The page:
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Testimonial

Measuring is complex and critical for research in marketing, advertising, and consumer psychology. These books are excellent tools for researchers and professionals of those areas that need to find reliable and valid scales for their research. They have helped me save time and consider new constructs in my academic research.
Juan Fernando Tavera
University of Antioquia, COLOMBIA

goals

The scale measures how much an app helps a person feel more confident about pursuing a particular set of goals.  Three, nine-point items compose the scale.

The scale measures the degree to which a person’s motivation with regard to self-improvement is more about accomplishing a goal rather than the activities performed to reach it.  Five, nine-point Likert-type items compose the scale.

Using five, nine-point items, the scale measures how much a person’s motivation with regard to self-improvement depends more on the activities performed along the way than reaching the goal itself.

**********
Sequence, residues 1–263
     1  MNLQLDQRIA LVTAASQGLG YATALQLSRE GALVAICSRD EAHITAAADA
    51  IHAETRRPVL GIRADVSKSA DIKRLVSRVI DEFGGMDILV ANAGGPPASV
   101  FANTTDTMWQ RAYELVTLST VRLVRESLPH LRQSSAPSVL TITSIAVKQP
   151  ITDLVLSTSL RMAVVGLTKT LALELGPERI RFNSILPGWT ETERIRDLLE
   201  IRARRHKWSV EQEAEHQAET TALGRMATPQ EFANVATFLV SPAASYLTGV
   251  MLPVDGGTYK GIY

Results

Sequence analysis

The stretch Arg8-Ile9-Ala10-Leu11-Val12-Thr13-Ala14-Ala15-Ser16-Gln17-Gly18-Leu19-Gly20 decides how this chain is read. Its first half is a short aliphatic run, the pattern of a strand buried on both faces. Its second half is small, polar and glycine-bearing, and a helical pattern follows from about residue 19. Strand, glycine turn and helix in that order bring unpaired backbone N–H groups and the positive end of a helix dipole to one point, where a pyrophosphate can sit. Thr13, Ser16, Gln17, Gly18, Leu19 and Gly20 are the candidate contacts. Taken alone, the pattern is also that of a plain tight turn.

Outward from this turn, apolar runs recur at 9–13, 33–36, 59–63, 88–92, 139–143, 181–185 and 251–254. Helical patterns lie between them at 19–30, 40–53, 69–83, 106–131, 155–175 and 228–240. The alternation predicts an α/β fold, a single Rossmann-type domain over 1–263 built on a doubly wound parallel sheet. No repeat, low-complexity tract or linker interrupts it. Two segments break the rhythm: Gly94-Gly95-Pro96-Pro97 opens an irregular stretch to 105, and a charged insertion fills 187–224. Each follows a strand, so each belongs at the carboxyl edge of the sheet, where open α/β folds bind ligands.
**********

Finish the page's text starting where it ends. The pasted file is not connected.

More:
The scale uses four, seven-point items to measure how much a person expresses a chronic motivation after having achieved a short-term goal to take advantage of behavior that is inconsistent with a long-term goal.

Six, seven-point items are used to measure chronic behavior emphasizing self-regulation in which a person, after achieving a short-term goal, is motivated to forego short-term rewards that are inconsistent with a long-term goal.

This scale has three, seven-point Likert-type items that measure a person’s belief that he/she has the capability to create a new life and pursue new goals.

The scale is composed of four, seven-point questions that measure the level of motivation a person has towards accomplishing a particular goal in a programmed plan of effort.

How much a person believes that an advertising message explains why customers should participate in an activity is measured with three, seven-point Likert-type items.

Using six, nine-point Likert-type items, the scale measures the degree to which a person believes that consuming a particular product or brand would help attain some of his/her life goals. 

Using three, seven-point Likert-type items, the scale measures the extent to which a customer decides in a store to switch from accomplishing the intended goal to working on one or more other goals.  The goals themselves are not defined in the items themselves.  Further, the items do not specific whether the behavior is limited to a specific shopping trip or frequently occurs across stores and time.